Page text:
Fetal development is a continuing creative process, a process that has barely begun at the instant of conception. Indeed, since generic individuation is not yet complete at that point, we might say that the development of a unique human being has not started until approximately fourteen days later, at implantation. But after implantation, as fetal growth continues, the natural investment that would be wasted in an abortion grows steadily larger and more significant.

By contrast, it is difficult to see how the idea that the fetus has rights and interests could account for the widely shared view that there is a significant moral difference between earlier and later abortions even before the stage at which fetal consciousness might begin.

The main tendencies of recent moral philosophy have concentrated almost exclusively on notions such as rights, interests, duties, and obligations.4 At least within the academy, then, it is a significant departure to give impersonal intrinsic values such an important place. This is especially true for Dworkin, who has been a leading exponent of the approach emphasizing rights and interests. But, as he recognizes in this book, there is a wide gulf here between academic moral philosophy and conventional moral thought. Consider for example sexual morality, which has such a central place in the moral views of many Americans. If, as most contemporary moral philosophy suggests, morality can be simply identified with the sphere of rights, interests, duties, and obligations (i.e., with “what we owe to others”)5 then there is no distinctive morality of sex. Sexual activity is judged to be right or wrong by the same categories that apply to every other sphere of life, categories such as deception, coercion, consent, and (physical and psychological) injury. In this view, rape is morally odious but there is no basis for the idea that masturbation, consensual sodomy, and the use of contraception might be in themselves morally objectionable; and the sex of the participants is totally irrelevant to the moral status of an act of intercourse. As we are painfully reminded by the current furor over the issue of gays and lesbians in the military, these views are sharply at odds with what many Americans believe. But they are more or less immediate consequences of the way morality is understood in most contemporary moral philosophy.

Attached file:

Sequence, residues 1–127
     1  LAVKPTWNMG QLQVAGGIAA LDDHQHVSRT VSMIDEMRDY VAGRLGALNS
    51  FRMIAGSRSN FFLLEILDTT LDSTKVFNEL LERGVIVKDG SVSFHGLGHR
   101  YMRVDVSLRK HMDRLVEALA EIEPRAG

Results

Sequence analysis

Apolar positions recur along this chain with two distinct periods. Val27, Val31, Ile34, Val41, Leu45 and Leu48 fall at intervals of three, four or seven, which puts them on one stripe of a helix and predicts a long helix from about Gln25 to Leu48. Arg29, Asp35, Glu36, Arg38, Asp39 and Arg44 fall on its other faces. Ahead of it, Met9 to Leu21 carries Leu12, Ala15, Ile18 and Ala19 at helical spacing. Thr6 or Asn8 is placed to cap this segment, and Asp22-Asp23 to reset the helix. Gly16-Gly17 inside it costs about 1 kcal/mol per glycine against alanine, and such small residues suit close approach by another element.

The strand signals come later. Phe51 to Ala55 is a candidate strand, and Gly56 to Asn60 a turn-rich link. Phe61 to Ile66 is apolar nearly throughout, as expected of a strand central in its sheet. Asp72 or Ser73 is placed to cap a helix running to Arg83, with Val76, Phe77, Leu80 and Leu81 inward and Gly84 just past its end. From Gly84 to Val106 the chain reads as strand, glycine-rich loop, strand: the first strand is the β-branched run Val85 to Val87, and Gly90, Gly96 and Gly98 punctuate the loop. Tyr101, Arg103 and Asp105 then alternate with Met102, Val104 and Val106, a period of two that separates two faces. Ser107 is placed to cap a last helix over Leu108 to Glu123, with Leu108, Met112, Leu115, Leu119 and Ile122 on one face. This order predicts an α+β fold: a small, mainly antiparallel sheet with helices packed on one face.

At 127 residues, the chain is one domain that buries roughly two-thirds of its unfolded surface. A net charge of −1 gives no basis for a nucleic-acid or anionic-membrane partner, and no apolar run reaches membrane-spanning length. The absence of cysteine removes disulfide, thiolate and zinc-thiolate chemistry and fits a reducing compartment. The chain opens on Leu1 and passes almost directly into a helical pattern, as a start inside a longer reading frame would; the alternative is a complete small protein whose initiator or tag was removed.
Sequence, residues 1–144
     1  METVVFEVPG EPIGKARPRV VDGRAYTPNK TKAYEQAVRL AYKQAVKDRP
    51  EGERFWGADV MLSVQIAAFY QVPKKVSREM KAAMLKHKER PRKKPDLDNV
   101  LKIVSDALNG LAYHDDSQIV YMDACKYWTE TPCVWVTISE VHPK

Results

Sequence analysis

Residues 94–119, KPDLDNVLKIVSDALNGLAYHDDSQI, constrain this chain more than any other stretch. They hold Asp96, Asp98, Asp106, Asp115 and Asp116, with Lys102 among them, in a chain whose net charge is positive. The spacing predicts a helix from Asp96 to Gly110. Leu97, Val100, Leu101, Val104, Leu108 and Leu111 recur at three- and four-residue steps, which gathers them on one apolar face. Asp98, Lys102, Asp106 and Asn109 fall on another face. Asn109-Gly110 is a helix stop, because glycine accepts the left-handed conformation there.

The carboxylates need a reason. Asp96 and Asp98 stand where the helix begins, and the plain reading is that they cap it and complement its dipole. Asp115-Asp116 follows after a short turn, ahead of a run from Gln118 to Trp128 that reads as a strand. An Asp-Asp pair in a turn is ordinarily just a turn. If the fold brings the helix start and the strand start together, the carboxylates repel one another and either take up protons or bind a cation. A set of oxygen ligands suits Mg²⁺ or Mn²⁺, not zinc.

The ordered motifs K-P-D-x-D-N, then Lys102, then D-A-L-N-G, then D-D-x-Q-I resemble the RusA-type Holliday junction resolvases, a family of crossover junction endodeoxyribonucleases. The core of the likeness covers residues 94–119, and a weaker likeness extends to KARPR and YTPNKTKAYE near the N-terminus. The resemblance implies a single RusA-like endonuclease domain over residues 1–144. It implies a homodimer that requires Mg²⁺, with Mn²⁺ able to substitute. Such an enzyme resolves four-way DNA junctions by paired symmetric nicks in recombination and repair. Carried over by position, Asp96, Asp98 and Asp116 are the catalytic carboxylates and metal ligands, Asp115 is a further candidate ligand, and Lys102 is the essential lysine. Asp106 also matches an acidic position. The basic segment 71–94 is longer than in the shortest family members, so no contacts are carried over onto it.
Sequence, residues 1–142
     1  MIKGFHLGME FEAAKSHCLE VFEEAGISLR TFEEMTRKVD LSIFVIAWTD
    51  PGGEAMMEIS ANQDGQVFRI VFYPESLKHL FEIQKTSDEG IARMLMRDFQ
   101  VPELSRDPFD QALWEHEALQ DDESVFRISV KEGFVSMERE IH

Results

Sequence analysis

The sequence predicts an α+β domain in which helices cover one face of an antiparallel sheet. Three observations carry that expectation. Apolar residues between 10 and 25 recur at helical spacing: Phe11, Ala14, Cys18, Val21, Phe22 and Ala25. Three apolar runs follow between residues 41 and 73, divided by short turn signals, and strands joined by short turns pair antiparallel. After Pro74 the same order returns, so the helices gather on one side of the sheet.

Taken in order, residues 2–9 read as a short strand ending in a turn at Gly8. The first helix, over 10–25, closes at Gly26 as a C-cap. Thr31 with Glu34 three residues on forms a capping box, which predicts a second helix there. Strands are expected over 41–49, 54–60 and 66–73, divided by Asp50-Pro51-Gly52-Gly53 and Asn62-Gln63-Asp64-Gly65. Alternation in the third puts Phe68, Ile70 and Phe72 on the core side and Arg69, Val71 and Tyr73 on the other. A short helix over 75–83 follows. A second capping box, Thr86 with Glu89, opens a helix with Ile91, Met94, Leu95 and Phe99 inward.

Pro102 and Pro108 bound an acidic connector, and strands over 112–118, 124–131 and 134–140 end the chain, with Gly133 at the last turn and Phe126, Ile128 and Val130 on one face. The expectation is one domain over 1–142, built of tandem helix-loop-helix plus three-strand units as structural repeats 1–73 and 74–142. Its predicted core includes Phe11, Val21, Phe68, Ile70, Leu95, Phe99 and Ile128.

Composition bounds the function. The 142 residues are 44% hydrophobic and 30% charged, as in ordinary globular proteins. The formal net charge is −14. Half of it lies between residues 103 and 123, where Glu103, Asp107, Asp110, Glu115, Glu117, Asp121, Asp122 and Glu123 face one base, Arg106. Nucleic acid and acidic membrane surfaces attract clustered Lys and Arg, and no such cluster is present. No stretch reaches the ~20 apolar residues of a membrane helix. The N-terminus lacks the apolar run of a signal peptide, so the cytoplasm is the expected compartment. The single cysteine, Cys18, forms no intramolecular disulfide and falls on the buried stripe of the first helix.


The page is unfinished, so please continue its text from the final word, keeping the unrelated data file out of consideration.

1. 1

    Difficult does not mean impossible. For a penetrating discussion of these issues that takes as its starting point-the idea that the fetus is a person with rights and interests see F. M. Kamm, Creation and Abortion: A Study in Moral and Legal Philosophy (Oxford University Press, 1992).

  2. 2

    See “Feminism and Abortion,” The New York Review, June 10, 1993.

  3. 3

    Both Justice Scalia and Chief Justice Rehnquist cite such a value as a possible ground for state regulation in their opinions in the case of Nancy Cruzan.

  4. 4

    One leading exception is Charles Taylor. See his Sources of the Self (Harvard University Press, 1989), especially Part I, in which he criticizes what he takes to be the prevailing view in moral philosophy in large part because it neglects what I am here calling impersonal intrinsic values.

  5. 5

    Kant famously included sexual morality of the kind I have mentioned within the sphere of what he called “duties to oneself.” (See Metaphysics of Morals [Ak. 424–426].) In this respect his views differ sharply from those of most contemporary philosophers, including many whose work is in some respects “Kantian” in inspiration. For us, the idea of a duty to oneself is almost an oxymoron. For him, on the other hand, the ethics of duty and obligation was not separate from, and even depended on, the ethics of self-perfection and proper regard for the distinctive value of human (rational) life. (Ak. 417–418.)